• Children need to learn in the MT until the age of 12 before switching to a second language (L2) education because at 12 they have sufficiently mastered concepts in the MT and acquired MT awareness and consciousness that make them apt enough to transfer knowledge into the L2. (See Akinnaso, F.N. “Policy and Experiment in Mother Tongue Literacy in Nigeria”. International Review of Education, 39: 255-285. 1993 and Salami, L. ‘It is still ‘Double Take’: Mother Tongue Education and Bilingual Classroom Practice in Nigeria’. Journal of Language, Identity and Education. 7(2): 91-112. 2008)
  • Malone, S. What is Needed for a Successful Mother Tongue based Multilingual Education Program. MLEWS, Bangkok. 2012.
  • Thomas, W. and Collier, V. A National Study of School Effectiveness for Language Minority Students’ Long-Term Academic Achievement. Center for Research on Education, Diversity and Excellence, Santa Cruz CA. 2002. Available at:
  • Basu, B.D. History of Education in India – Under the Rule of the East India Company, Cosmo Publications, New Delhi, 1989.
  • Naik, J.P and Nurullah, Sayed; A Student’s History of Education in India (1800- 1973), Sixth Edition, Macmillian India Ltd, Madras, 1974.
  • Records of the Courts of Directors of the Company 1813–1835.
  • Macaulay’s Minute on Education, February 2, 1835.
  • It is a colonial usage. However for this paper, we are following this while discussing the colonial period.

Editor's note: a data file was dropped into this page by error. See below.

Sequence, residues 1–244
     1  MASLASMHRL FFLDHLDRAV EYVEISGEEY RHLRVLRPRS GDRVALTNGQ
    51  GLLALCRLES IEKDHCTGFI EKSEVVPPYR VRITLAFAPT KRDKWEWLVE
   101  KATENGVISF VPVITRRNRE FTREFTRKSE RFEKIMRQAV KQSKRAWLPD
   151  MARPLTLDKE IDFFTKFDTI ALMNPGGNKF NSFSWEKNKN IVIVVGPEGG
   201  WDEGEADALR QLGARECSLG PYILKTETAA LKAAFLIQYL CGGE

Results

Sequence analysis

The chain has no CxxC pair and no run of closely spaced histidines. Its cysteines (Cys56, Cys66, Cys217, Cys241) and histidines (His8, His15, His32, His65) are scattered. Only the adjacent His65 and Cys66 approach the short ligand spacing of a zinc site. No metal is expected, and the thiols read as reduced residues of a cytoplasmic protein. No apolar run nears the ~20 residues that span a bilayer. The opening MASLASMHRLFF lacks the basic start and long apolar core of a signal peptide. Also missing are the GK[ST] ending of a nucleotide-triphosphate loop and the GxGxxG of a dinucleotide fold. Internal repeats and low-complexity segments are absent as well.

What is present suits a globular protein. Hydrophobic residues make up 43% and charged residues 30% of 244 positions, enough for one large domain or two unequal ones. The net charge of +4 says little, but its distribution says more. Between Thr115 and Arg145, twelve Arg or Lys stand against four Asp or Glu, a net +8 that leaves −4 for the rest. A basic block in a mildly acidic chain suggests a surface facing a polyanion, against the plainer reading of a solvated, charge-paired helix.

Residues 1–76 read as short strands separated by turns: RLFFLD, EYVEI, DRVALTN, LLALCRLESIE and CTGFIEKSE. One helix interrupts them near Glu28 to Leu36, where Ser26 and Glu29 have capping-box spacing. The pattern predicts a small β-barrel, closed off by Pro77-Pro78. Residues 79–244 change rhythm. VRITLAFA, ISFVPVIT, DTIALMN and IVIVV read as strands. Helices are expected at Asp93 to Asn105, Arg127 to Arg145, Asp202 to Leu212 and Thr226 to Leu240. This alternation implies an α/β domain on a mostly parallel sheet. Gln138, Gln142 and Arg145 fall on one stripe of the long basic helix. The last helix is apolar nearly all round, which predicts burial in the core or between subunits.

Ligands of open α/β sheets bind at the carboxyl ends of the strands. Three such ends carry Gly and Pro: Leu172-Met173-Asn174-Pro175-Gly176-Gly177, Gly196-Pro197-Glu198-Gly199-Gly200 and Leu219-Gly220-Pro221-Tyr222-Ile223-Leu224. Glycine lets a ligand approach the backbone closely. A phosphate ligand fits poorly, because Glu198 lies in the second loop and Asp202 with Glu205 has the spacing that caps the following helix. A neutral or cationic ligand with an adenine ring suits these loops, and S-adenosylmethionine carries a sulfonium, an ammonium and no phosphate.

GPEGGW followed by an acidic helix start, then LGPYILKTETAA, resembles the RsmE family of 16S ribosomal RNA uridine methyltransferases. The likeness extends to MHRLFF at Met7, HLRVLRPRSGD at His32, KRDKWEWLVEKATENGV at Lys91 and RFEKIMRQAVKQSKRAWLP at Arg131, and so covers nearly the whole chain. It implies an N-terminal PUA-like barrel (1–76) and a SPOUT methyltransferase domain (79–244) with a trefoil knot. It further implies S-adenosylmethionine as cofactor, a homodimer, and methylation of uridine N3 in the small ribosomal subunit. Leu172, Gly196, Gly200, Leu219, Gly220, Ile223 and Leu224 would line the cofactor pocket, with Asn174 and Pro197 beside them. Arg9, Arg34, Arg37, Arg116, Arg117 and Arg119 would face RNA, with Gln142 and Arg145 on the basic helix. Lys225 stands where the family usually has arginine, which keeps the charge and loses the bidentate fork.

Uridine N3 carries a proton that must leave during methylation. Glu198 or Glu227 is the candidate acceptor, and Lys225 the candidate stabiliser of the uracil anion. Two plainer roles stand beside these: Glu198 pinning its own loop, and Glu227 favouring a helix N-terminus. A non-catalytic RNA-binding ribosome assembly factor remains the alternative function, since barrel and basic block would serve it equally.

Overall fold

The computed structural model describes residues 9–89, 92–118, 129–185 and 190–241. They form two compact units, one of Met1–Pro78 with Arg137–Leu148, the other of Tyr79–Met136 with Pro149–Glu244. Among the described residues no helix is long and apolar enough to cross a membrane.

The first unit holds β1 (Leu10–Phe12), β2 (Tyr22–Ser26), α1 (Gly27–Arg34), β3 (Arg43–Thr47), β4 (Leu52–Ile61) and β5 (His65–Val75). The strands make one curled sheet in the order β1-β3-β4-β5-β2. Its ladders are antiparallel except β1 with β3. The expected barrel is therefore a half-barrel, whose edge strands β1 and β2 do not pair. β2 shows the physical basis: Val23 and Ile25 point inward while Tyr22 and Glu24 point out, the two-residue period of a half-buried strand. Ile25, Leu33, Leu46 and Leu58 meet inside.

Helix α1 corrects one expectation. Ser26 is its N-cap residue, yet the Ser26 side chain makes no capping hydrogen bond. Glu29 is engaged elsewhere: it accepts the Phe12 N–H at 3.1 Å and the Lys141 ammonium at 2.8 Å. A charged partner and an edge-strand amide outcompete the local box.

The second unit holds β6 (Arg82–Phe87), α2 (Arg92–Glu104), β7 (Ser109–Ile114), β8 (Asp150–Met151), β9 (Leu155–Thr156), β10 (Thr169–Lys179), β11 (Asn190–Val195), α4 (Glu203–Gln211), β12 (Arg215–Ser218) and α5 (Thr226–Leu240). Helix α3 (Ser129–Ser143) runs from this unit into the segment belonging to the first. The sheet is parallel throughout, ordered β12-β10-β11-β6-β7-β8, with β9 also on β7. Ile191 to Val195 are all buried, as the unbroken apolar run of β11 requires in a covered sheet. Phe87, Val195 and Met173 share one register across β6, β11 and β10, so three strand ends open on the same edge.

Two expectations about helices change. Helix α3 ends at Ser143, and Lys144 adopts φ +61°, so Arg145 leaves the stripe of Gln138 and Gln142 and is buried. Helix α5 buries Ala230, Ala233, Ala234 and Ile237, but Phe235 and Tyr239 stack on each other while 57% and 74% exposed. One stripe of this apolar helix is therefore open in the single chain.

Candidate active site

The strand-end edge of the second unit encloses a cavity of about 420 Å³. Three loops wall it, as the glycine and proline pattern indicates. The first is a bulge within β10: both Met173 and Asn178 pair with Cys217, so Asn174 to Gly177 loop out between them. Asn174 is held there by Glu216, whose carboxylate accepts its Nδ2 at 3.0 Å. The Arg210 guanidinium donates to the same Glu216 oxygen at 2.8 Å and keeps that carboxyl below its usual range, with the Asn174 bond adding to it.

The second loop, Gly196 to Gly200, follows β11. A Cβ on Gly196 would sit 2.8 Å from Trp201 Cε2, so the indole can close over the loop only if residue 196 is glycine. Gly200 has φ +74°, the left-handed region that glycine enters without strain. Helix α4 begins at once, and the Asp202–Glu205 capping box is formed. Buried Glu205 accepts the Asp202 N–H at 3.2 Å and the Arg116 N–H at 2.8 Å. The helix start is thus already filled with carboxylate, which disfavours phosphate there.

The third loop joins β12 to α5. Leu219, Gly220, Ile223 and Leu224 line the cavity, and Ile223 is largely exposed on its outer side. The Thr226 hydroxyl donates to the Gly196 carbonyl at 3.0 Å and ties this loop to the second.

• Ibid, Basu
  • Ghosh, Suresh Chandra. History of Education in Modern India 1757-2012. Orient Logman, New Delhi. 2013
  • “As a general rule, a child should not be allowed to learn English language until he has made some progress in the primary stage of education and has received a thorough grounding in his MT. It is equally important that when the teaching of English has begun, it should not be prematurely employed as the medium of instruction in other subjects. The line of division between the use of vernaculars and of English as the medium of instruction should, broadly speaking, be drawn at a minimum age of 13”. (Auxiliary Committee of the Indian Statutory Commission. Review of the Growth of Education in British India. Printed by the Manager Government India Press, Delhi. 1929. URL: in.ernet.dli.2015.125001/2015.125001.Review-Of-The-Growth-Of-Education- In-British-India_djvu.txt Accessed on July 30, 2017)
  • The Gujarat University, Ahmedabad vs Krishna Ranganath Mudholkar And Others, RD-SC 67, 21 February, 1962
  • Srivastava, A. K. “Multilingualism and School Education in India: Special Features, Problems and Prospects”. In D. P. Pattanayak (Ed.), Multilingualism in India. Delhi: Orient Longman Private Limited. 2007. 37–53.
  • Ibid.
  • Kothari Commission Report, 1966 and National Policy on Education, 1968, Ministry of Human Resources, New Delhi.
  • See
  • Ministry of Human Resource Development (MHRD). National Policy on Education, 2016: Report of the Committee for Evolution of the New Education Policy, Government of India. New Delhi. 2016. URL: new/download/NEP2016/ReportNEP.pdf. Accessed on July 29, 2017
  • Reportable document. Civil Appellate Jurisdiction Civil Appeal Nos.5166-5190 OF 2013 State of Karnataka & Anr. Appellants Versus Associated Management of (Government Recognised – Unaided – English Medium) Primary & Secondary Schools & Others. The Supreme Court of India. Stable URL: supremecourt/imgs1.aspx?filename=41504 pp: 45
  • Rajya Sabha question, Un-starred question No – 3524, Answered on April 26, 2013, English Medium Education in Kendriya Vidhyalayas, Dr. Prabha Thakur, MP. Answered by Shashi Tharoor. MOS of MHRD, New Delhi. 2013.
  • Mohanty, Ajit. “Multilingualism, education, English and development: Whose development?.” Multilingualism and Development. Language and Development Conference Series. 2015. Stable URL: publications/2015-NewDelhi/Chapter16-MultilingualismEducationEnglishand Development-Mohanty.pdf Accessed on July 25, 2017